Mondaq Ltd requires you to register and provide information that personally identifies you, including what sort of information you are interested in, for three primary purposes:

  • To allow you to personalize the Mondaq websites you are visiting.
  • To enable features such as password reminder, newsletter alerts, email a colleague, and linking from Mondaq (and its affiliate sites) to your website.
  • To produce demographic feedback for our information providers who provide information free for your use.

Mondaq (and its affiliate sites) do not sell or provide your details to third parties other than information providers. The reason we provide our information providers with this information is so that they can measure the response their articles are receiving and provide you with information about their products and services.

If you do not want us to provide your name and email address you may opt out by clicking here .

If you do not wish to receive any future announcements of products and services offered by Mondaq by clicking here .

Information Collection and Use

We require site users to register with Mondaq (and its affiliate sites) to view the free information on the site. We also collect information from our users at several different points on the websites: this is so that we can customise the sites according to individual usage, provide 'session-aware' functionality, and ensure that content is acquired and developed appropriately. This gives us an overall picture of our user profiles, which in turn shows to our Editorial Contributors the type of person they are reaching by posting articles on Mondaq (and its affiliate sites) – meaning more free content for registered users.

We are only able to provide the material on the Mondaq (and its affiliate sites) site free to site visitors because we can pass on information about the pages that users are viewing and the personal information users provide to us (e.g. email addresses) to reputable contributing firms such as law firms who author those pages. We do not sell or rent information to anyone else other than the authors of those pages, who may change from time to time. Should you wish us not to disclose your details to any of these parties, please tick the box above or tick the box marked "Opt out of Registration Information Disclosure" on the Your Profile page. We and our author organisations may only contact you via email or other means if you allow us to do so. Users can opt out of contact when they register on the site, or send an email to unsubscribe@mondaq.com with “no disclosure” in the subject heading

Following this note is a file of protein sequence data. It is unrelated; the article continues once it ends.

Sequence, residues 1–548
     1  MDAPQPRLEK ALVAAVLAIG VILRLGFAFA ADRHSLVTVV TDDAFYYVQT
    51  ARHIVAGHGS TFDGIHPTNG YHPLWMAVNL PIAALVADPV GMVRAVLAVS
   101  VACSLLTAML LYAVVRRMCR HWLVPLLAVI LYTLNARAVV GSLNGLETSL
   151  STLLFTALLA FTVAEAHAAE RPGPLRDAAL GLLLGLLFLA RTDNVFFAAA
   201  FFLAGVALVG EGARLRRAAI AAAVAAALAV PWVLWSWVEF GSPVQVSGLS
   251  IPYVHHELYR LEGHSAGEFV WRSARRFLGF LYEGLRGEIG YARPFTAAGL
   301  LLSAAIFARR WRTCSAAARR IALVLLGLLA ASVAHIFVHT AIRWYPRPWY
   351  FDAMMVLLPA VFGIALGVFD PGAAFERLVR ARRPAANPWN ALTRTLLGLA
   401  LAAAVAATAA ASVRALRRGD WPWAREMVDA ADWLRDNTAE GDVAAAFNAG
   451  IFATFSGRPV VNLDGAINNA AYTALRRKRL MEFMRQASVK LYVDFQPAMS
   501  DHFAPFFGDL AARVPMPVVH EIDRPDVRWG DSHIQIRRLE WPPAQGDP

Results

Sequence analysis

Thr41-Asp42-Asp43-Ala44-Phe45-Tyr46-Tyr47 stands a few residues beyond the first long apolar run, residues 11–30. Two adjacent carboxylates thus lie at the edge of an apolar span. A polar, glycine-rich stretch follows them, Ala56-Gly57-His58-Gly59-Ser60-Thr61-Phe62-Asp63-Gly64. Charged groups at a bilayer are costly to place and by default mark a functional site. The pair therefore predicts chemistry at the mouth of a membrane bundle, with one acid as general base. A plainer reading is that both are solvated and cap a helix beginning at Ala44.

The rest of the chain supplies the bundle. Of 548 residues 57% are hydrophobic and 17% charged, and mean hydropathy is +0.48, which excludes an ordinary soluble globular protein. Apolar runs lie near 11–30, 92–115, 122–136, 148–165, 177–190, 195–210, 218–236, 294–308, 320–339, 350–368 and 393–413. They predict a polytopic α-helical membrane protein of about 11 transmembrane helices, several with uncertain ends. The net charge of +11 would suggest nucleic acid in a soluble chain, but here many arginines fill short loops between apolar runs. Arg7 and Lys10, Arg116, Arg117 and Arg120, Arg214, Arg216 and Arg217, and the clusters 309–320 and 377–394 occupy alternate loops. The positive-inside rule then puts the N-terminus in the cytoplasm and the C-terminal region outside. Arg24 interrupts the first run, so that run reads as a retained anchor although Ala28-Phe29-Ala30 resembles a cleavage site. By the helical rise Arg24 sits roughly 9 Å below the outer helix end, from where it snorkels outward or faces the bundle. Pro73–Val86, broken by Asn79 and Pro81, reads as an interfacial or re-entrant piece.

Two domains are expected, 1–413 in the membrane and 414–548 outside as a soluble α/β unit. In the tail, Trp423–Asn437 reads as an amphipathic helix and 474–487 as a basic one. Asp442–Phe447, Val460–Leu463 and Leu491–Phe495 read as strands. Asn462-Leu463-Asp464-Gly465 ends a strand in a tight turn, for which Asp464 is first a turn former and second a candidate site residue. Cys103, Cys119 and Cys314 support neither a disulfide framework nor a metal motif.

Mondaq News Alerts

In order to receive Mondaq News Alerts, users have to complete a separate registration form. This is a personalised service where users choose regions and topics of interest and we send it only to those users who have requested it. Users can stop receiving these Alerts by going to the Mondaq News Alerts page and deselecting all interest areas. In the same way users can amend their personal preferences to add or remove subject areas.


A cookie is a small text file written to a user’s hard drive that contains an identifying user number. The cookies do not contain any personal information about users. We use the cookie so users do not have to log in every time they use the service and the cookie will automatically expire if you do not visit the Mondaq website (or its affiliate sites) for 12 months. We also use the cookie to personalise a user's experience of the site (for example to show information specific to a user's region). As the Mondaq sites are fully personalised and cookies are essential to its core technology the site will function unpredictably with browsers that do not support cookies - or where cookies are disabled (in these circumstances we advise you to attempt to locate the information you require elsewhere on the web). However if you are concerned about the presence of a Mondaq cookie on your machine you can also choose to expire the cookie immediately (remove it) by selecting the 'Log Off' menu option as the last thing you do when you use the site.